“It’s more mixed, it’s not dissuaded toward men,” said Inhi of the students coming out of universities. “Actually more women are graduating at a university. So when you look at those stats, and you say, Wait, what’s the working population and technology? And what’s the working population of women representation in leadership, it’s far less than the available talent. And you don’t want, you know, to try to solve the hardest problems in the world, with only a portion of the intellectual and creative capital of what’s available on the planet. No, you want to be able to leverage everyone’s brand.”
One area Inhi shares concern for in the future is unconscious bias with AI.
“That is such a huge problem in AI advancement, because part of AI is on training datasets, and the datasets that you train on are where you have historical datasets on loans, which are predominantly provided historically, over a longer period of time for men,” she said. “So risk, modules are calculated that way. Images, you said association for CEO, like the way search retrieval happens, because of the available datasets. The way certain recognition systems even for cameras for different skin color, size tones; it happens on multiple dimensions. And so if the training set for these algorithms are smaller, you’re going to have more errors, and you’re going to have more unconscious bias, as well as, you know, unknown and conscious bias to some degree.”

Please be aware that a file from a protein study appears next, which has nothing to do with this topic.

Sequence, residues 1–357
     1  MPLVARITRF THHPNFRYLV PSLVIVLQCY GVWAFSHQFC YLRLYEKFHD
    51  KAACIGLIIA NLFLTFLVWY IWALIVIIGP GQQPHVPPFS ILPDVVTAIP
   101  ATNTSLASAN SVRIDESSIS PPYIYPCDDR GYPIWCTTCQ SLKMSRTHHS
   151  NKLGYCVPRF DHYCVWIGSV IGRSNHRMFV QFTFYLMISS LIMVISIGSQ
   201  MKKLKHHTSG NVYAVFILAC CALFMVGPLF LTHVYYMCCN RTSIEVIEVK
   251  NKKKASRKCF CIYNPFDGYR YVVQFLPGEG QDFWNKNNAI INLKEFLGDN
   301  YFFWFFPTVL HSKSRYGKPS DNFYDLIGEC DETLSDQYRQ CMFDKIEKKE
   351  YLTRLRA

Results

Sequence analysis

Speaking about how to limit the risks of AI and bias being an ever growing problem, Inhi said: “Well, I think one of the big things is for most companies is to be able to be transparent about their approach for AI, like how we’re thinking about training their access to data. Now, DocuSign is in a unique position where the data that we’re analyzing is corpus of contracts. And so it’s a little different, but I do think transparency around data, transparency around training, also making sure that the governance structure to have the people that you also have doing things like data labeling, or the governance around modifications to the results, right, because it’s hands on training, as well. There’s moments where you can have eyes off training and moments where you might have hands on training. So it’s the diversity of perspective, and, and also the methodologies.”
You can watch more of our interview with Inhi Su below. In our Youtube interview, Inhi talks about how DocuSign stays ahead of the curve when it comes to technological innovation and maintaining its market-leading position and the launch of AI Labs and ‘intelligent agreements’.
You can follow Inhi Suh on LinkedIn here: https://www.linkedin.com/in/inhichosuh/
You can also read our story on Inhi Suh talking about the future vision for DocuSign here